My name is Stephen H. Gregg. I’m a senior lecturer in English at Bath Spa University in the UK and I’m an eighteenth-centuryist. My publications can be found here, on The Daniel Defoe Blog.
I was going to assert my academic credentials and my awareness of the pitfalls of entering the public sphere (or, in this case, the blogosphere) by quoting Samuel Johnson’s stoic comments on the failure of his play, Irene. But the pretentiousness of the comparison is obvious. Instead, I offer this, from Daniel Defoe’s wry defence of his own writings ‘Let Men no Pity to him show; / Let him to Bedlam, not to Newgate go.’
This blog is, at the moment, largely a test-bed to try out a different way of engaging with digital humanities and those tools and resources particularly relevant to studying and teaching eighteenth-century literature. This blog will largely follow what’s happening in eighteenth-century digital humanities. I hope to reviewing current thinking, events, developments; but I’ll also be posting on my own thinking and experiments in both teaching and research.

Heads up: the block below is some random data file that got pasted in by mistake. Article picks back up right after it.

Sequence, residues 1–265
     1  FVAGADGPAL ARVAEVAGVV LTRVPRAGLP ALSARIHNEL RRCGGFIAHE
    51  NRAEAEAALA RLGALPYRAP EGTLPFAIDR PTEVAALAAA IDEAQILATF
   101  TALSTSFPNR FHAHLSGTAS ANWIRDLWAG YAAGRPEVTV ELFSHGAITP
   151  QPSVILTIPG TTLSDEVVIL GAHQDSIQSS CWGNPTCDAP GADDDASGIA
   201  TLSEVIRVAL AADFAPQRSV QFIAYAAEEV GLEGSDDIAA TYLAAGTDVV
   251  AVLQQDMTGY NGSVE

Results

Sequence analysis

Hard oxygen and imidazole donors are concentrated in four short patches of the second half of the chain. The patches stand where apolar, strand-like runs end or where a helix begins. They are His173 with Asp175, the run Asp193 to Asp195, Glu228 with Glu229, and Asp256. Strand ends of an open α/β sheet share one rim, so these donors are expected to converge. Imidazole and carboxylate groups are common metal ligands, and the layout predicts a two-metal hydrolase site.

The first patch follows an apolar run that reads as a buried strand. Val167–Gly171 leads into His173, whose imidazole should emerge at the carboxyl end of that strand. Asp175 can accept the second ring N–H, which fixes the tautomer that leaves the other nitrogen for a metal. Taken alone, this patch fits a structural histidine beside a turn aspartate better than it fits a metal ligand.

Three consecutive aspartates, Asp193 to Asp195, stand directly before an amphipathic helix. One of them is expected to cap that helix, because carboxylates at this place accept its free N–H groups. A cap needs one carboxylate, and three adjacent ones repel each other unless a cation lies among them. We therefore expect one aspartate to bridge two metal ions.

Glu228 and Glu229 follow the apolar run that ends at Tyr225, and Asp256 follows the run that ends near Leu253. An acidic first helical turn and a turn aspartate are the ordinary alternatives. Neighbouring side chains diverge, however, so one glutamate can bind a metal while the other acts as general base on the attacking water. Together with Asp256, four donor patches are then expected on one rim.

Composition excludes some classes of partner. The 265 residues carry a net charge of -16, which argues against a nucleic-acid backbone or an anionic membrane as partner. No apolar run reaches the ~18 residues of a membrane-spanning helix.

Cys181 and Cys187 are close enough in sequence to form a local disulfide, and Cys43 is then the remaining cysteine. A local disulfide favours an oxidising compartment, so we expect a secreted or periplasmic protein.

Firstly, what I wanted was a way of writing with a degree of informality: a way of engaging with the topic that allowed a certain freedom to explore what interested me. But, just as importantly, the blog seemed to offer a mode that allowed and indeed encouraged me to follow the burgeoning amount of online commentary. The form of a blog is, even on a superficial level, an appropriate one to talk about developments in digital humanities. On a more significant level, it technically enables me interact with digital resources and the wider digital humanities community. As I’ve always said to my students, content and form are often inextricable.
This blog, however, is not just an interesting form for some digital navel-gazing: the added attraction of the blog is that it provides an audience and readership. Both learning and research can be a solitary pursuit, but they are given meaning by being offered to a wider community. I hope that my posts will be subject to the scrutiny of many whose opinions and expertise in the area of digital humanities I respect and admire; so the pressure of a (perhaps small) audience is one I welcome.